Possibly one major feature in the Saint-Omer copy is related to religious beliefs. Saint-Omer lies only eighty miles across the English Channel from Dover. During Queen Elizabeth’s reign, an English Jesuit in the late sixteenth century founded a college in Saint-Omer. The college provided a haven for British Catholics persecuted in Protestant Elizabethan England who fled across the Strait of Dover.

In the Middle Ages, Saint-Omer had been one of the forty most important European cities, boasting the fourth largest library. It contained a Gutenberg Bible, much rarer than a Shakespeare First Folio. There are now 233 known First Folios and about fifty original Gutenberg Bibles in the world. It is significant that the other Shakespeare First Folio in France is in Paris, and the other two Gutenberg Bibles in France are also in Paris. With the 2014 find, Saint-Omer has made a huge bound in celebrity reminiscent of its heyday 500 years ago. One small village in the Pas de Calais houses the two most famous secular and sacred volumes in the universe. Although the newly discovered First Folio already has a preliminary value of $4 million put on it, the library director has announced it constitutes a national treasure and is not for sale.

grant.collectingStephen H. Grant is the author of Collecting Shakespeare: The Story of Henry and Emily Folgerpublished by Johns Hopkins. He is a senior fellow at the Association for Diplomatic Studies and Training and the author of Peter Strickland: New London Shipmaster, Boston Merchant, First Consul to Senegal.

 

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Henry Clay Folger’s Greatest Honor

Guest post by Stephen H. Grant

A century ago, in 1914, Henry Folger received an honorary Doctorate of Letters from Amherst College. The citation read: “Henry Clay Folger, a graduate of this college in 1879, called to the bar in due course, called by ability, by character, by efficiency, integrity and the confidence of men in his judgment to the widest fields and the highest posts in leading and guiding the industrial development of the land; a collector of the largest assemblage yet known of the editions and the literature of the greatest dramatist, gathered with learning, watchful care and studious pains; owner of 49 copies of the first folio edition of the plays of Shakespeare, a priceless and unexampled field for comparative research. I ask you alike for his services in the affairs of a great empire of industry whose produce is on every sea and its light on all lands and for his knowledge in the most important field known in English literature to confer upon him the degree of Doctor of Letters.”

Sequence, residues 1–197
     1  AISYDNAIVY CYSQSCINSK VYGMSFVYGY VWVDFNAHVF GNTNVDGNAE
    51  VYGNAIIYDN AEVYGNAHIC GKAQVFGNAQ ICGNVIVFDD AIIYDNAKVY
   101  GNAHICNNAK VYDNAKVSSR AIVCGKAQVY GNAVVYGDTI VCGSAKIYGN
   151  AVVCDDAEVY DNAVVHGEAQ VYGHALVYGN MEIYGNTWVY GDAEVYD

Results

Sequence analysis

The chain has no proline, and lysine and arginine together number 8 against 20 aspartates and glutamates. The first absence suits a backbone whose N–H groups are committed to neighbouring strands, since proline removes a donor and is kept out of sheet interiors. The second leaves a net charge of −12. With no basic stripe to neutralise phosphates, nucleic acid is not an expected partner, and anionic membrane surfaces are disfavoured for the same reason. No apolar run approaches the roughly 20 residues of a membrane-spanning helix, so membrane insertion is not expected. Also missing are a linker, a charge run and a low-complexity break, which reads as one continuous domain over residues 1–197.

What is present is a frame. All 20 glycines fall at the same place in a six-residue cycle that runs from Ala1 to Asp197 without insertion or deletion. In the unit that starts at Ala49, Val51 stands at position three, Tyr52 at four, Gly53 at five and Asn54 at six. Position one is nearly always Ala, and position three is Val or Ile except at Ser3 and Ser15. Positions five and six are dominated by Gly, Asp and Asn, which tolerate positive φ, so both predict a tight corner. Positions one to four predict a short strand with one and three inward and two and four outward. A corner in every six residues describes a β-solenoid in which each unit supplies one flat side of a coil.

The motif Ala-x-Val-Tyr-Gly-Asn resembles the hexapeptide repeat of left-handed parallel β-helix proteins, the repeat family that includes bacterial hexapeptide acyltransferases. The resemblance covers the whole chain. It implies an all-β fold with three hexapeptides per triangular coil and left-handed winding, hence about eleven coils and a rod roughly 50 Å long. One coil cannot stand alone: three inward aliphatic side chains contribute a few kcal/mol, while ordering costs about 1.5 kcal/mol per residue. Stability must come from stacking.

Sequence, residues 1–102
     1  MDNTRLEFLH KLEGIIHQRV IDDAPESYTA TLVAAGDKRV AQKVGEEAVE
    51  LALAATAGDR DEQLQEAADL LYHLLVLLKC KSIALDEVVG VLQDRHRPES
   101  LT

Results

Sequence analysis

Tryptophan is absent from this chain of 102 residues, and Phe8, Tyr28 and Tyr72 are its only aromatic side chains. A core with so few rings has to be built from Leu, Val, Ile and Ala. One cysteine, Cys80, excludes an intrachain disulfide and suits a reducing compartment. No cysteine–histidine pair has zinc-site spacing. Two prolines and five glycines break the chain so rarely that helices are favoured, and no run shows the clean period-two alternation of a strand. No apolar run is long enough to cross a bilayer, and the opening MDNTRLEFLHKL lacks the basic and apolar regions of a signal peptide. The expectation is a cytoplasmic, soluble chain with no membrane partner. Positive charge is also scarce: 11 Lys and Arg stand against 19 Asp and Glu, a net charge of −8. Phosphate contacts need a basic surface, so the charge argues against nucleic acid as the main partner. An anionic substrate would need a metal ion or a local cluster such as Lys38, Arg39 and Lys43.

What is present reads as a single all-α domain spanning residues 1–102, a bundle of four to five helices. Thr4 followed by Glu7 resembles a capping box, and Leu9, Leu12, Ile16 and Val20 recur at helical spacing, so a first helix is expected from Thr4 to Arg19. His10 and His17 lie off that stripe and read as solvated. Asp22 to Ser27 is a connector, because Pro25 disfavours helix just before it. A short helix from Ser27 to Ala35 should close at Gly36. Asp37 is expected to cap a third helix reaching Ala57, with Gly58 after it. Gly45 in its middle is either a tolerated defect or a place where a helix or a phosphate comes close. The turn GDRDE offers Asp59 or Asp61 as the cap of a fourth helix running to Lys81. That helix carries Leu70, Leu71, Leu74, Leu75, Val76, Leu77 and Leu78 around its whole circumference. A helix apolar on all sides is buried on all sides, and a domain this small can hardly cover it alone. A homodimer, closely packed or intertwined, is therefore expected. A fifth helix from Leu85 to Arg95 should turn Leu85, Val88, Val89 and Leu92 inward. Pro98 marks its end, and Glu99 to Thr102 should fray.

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Emily Jordan Folger wearing her purple Amherst hood in the reading room of the Folger Shakespeare Library in 1932. She gazes at the Frank O. Salisbury portrait of her husband, Henry Clay Folger, in the same hood.

Another awardee at the ceremony was ex-President William Howard Taft, who received an honorary Doctor of Laws Degree. Who was observing the two eminent gentlemen enter the motor vehicle headed for a banquet following the exercises? Folger was five feet four and weighed 115 lbs. Taft was six feet tall and weighed 335 lbs. Inside, Dr. Taft leaned over and said mischievously to Dr. Folger, “Forty-nine Folios? We have the fiftieth at Yale.” Founder of the University’s Elizabethan Club, Yale alumnus Alexander S. Cochran donated to the Club a Shakespeare First Folio in 1911.

In picking Folger for an honorary degree, Amherst got it right. Folger had climbed to the top of two vastly different fields: the petroleum industry and Shakespeare collection. To have accomplished either one would have been a prodigious undertaking. By 1914, Folger was president of Standard Oil Company of New York, which later became Mobil Corporation. His Shakespeare collection then included forty-nine First Folios, all different in some way. Before he died in 1930, Folger had acquired eighty-two copies of the Bard’s 1623 collected dramatic works published posthumously in London.

Folger wrote Amherst trustee, Talcott Williams, “I wish to thank you from the bottom of my heart for this the greatest honor of my life.” He wrote his pastor, S. Parkes Cadman, “It was most unexpected, but the greatest possible honor. Amherst gives few degrees. You will be amused at the basis for conferring it; it was not all Shakespeare.” From Pocantico Hills, New York, came this tongue-in-cheek accolade: “I congratulate you upon receiving the degree, and that your connection with a great and useful business organization did not detract from your high standing,” signed John D. Rockefeller.

Henry Clay Folger died in 1930 without having seen a stone of the Folger Shakespeare Library built or his entire collection assembled in the nation’s capital across the street from the Library of Congress. His wife, Emily, took over the decision making responsibilities and was present to turn over the keys of the Library to the chairman of the Amherst trustees on Shakespeare’s 368th birthday, April 23, 1932.

Later that year, Amherst College bestowed on Emily a degree with this citation: “Emily Clara Jordan, graduate of Vassar College, through many years the enthusiastic, tireless, and discriminating companion of Henry Clay Folger in the collection of a unique library of the works of Shakespeare; generous benefactress of Amherst College and of the lovers of letters throughout the whole world; the degree which 18 years ago Amherst College appropriately bestowed upon your husband it now, with the same hood as symbol, confers upon you, as I create you a Doctor of Letters.” It was a triumphant yet bittersweet moment for Emily Jordan Folger.

grant.collectingStephen H. Grant is the author of Collecting Shakespeare: The Story of Henry and Emily Folgerpublished by Johns Hopkins. He is a senior fellow at the Association for Diplomatic Studies and Training and the author of Peter Strickland: New London Shipmaster, Boston Merchant, First Consul to Senegal.

Meet Steve Grant on October 23 at the Oliver Wolcott Library in Litchfield, CT; on November 8 at the National Press in Washington, DC; and on December 1 at the Central Library in Arlington, VA.  For more information, visit Steve’s website.